While there is an abundance of literature examining the relation between quantity of alcohol consumption and risk factors for non-communicable diseases (NCD), there is less evidence on whether the risk of harm from alcohol use would have a similar relationship with NCD risk factors. The study aims to determine the association between level of harm from alcohol use and NCD risk factors. A cross-sectional survey was conducted among health care workers in Thailand in 2013. The Alcohol, Smoking and Substance Involvement Screening Test (ASSIST) was used to assessed risk of harm from alcohol use. The results suggest that higher risk of harm from alcohol use was associated with two of the eight NCD risk factors among women (higher blood pressure and higher triglyceride level) and five of the eight NCD risk factors among men (smoking, physical inactivity, higher blood pressure, higher blood glucose and higher triglyceride level). For men, assessing risk of harm could be incorporated as part of NCD programs as practitioners do not have to worry about the accuracy of the alcohol quantification and conversion to standard drinks. However, among women, quantifying volume may still be needed.
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http://dx.doi.org/10.1038/s41598-019-52754-wDOI Listing
http://www.ncbi.nlm.nih.gov/pmc/articles/PMC6842002PMC
November 2019

Utilisation of Electronic Health Records for Public Health in Asia: A Review of Success Factors and Potential Challenges.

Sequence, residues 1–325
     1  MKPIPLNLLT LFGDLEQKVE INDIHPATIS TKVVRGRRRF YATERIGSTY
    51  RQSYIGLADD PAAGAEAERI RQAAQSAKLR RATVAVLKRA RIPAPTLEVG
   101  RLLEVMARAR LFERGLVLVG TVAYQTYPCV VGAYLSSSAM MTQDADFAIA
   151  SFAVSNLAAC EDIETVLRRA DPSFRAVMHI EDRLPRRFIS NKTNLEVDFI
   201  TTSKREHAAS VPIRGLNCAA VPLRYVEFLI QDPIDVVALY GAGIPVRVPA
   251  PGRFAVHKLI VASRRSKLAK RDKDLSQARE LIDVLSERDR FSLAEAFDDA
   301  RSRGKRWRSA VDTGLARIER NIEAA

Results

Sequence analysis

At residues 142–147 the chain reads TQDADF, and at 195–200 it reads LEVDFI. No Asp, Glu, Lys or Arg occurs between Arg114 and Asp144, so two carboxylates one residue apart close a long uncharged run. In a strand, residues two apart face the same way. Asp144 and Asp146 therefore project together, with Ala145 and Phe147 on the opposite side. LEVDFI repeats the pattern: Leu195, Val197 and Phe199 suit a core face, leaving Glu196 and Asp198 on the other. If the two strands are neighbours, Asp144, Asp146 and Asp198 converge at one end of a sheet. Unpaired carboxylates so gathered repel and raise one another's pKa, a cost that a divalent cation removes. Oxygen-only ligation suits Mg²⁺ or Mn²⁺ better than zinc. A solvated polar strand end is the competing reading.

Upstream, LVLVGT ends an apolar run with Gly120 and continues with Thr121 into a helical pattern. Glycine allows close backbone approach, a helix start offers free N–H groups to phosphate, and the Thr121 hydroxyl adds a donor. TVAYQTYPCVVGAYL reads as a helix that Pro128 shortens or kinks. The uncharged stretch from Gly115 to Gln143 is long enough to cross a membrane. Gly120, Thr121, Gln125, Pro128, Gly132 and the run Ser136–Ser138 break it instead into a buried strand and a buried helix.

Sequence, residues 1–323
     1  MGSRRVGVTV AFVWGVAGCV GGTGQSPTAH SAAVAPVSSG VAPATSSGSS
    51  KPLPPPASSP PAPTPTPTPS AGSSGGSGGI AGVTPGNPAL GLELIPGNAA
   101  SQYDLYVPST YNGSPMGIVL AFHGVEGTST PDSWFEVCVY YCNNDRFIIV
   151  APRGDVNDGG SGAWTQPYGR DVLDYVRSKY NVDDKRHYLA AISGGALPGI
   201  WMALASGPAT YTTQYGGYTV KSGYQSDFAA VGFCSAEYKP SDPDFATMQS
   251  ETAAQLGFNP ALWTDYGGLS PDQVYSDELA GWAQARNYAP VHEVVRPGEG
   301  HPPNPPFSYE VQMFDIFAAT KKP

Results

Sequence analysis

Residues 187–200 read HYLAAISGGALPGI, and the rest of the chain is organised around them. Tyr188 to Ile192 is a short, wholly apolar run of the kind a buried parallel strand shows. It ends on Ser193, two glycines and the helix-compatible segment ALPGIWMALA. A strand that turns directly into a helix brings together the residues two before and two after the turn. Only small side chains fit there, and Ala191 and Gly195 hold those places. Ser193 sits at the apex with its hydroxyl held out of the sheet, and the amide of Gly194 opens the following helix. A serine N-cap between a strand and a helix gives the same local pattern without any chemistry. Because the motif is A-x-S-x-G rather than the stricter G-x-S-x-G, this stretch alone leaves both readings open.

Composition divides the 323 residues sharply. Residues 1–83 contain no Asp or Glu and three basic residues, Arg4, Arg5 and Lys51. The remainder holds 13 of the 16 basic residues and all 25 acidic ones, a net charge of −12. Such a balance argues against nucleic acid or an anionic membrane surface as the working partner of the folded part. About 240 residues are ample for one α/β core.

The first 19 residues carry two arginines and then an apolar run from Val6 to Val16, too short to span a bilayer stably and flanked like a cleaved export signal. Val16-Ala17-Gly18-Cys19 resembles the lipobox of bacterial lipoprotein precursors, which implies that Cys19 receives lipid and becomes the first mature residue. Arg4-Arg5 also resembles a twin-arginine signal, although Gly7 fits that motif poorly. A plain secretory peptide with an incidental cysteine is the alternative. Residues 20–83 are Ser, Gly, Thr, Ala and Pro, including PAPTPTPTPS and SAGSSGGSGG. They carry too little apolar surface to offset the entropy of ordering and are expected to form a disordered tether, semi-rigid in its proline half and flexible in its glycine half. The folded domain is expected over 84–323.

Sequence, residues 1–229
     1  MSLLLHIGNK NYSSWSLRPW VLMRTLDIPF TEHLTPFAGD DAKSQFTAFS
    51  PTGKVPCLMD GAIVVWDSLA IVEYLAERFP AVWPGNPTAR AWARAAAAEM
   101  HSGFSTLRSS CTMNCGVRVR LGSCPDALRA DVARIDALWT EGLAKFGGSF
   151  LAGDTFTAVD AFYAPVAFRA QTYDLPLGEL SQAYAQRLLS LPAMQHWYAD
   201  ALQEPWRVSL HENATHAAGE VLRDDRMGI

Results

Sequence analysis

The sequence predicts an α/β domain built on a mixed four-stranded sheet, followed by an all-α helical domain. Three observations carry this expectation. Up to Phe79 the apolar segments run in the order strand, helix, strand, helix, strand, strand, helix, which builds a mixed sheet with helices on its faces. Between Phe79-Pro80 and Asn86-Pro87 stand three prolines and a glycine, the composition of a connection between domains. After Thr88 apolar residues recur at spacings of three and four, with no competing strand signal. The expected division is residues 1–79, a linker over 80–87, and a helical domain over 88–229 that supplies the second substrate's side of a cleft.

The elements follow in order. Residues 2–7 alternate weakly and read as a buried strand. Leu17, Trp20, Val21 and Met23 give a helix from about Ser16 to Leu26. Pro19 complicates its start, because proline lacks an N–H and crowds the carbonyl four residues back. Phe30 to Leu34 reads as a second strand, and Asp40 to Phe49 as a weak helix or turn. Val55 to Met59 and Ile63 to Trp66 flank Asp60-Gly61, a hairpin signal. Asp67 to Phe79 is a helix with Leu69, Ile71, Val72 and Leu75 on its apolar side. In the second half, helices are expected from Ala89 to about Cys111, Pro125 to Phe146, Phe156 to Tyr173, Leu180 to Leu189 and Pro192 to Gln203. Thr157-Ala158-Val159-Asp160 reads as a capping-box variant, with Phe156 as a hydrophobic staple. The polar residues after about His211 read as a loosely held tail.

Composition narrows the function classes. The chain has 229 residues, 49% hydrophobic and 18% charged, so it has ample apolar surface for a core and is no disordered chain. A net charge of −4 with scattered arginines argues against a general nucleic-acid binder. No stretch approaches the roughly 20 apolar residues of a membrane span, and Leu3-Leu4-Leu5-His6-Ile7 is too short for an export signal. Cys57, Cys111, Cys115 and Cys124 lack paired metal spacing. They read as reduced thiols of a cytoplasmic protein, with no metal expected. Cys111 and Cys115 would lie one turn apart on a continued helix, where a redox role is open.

Biomed Res Int 2019 8;2019:7341841. Epub 2019 Jul 8.

Department of Family Medicine, Faculty of Medicine, Chiang Mai University, 110 Intawaroros Road, Muang, Chiang Mai, 50200, Thailand.

Introduction: Electronic health records offer a valuable resource to improve health surveillance and evaluation as well as informing clinical decision making. They have been introduced in many different settings, including low- and middle-income countries, yet little is known of the progress and effectiveness of similar information systems within Asia. This study examines the implementation of EHR systems for use at a population health level in Asia and to identify their current role within public health, key success factors, and potential barriers in implementation.

Material And Methods: A systematic search process was implemented. Five databases were searched with MeSH key terms and Boolean phrases. Articles selected for this review were based on hospital provider electronic records with a component of implementation, utilisation, or evaluation for health systems or at least beyond direct patient care. A proposed analytic framework considered three interactive components: the content, the process, and the context.

Results: Thirty-two articles were included in the review. Evidence suggests that benefits are significant but identifying and addressing potential challenges are critical for success. A comprehensive preparation process is necessary to implement an effective and flexible system.